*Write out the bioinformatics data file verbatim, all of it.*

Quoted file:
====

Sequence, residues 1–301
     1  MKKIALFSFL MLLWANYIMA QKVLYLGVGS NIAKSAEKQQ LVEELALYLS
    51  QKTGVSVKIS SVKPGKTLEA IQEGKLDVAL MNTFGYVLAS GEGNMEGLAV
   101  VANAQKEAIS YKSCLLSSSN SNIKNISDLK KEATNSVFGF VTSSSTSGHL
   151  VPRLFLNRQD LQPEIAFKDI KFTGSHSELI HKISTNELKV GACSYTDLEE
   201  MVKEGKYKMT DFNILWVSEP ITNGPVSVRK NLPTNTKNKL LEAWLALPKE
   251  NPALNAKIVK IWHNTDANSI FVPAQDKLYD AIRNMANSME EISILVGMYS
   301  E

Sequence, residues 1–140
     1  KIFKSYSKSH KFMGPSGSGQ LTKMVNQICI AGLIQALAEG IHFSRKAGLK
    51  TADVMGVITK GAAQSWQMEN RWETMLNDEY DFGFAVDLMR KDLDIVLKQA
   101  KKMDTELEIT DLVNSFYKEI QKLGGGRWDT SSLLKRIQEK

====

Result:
Sequence, residues 1–301
     1  MKKIALFSFL MLLWANYIMA QKVLYLGVGS NIAKSAEKQQ LVEELALYLS
    51  QKTGVSVKIS SVKPGKTLEA IQEGKLDVAL MNTFGYVLAS GEGNMEGLAV
   101  VANAQKEAIS YKSCLLSSSN SNIKNISDLK KEATNSVFGF VTSSSTSGHL
   151  VPRLFLNRQD LQPEIAFKDI KFTGSHSELI HKISTNELKV GACSYTDLEE
   201  MVKEGKYKMT DFNILWVSEP ITNGPVSVRK NLPTNTKNKL LEAWLALPKE
   251  NPALNAKIVK IWHNTDANSI FVPAQDKLYD AIRNMANSME EISILVGMYS
   301  E

Sequence, residues 1–140
     1  KIFKSYSKSH KFMGPSGSGQ LTKMVNQICI AGLIQALAEG IHFSRKAGLK
    51  TADVMGVITK GAAQSWQMEN RWETMLNDEY DFGFAVDLMR KDLDIVLKQA
   101  KKMDTELEIT DLVNSFYKEI QKLGGGRWDT SSLLKRIQEK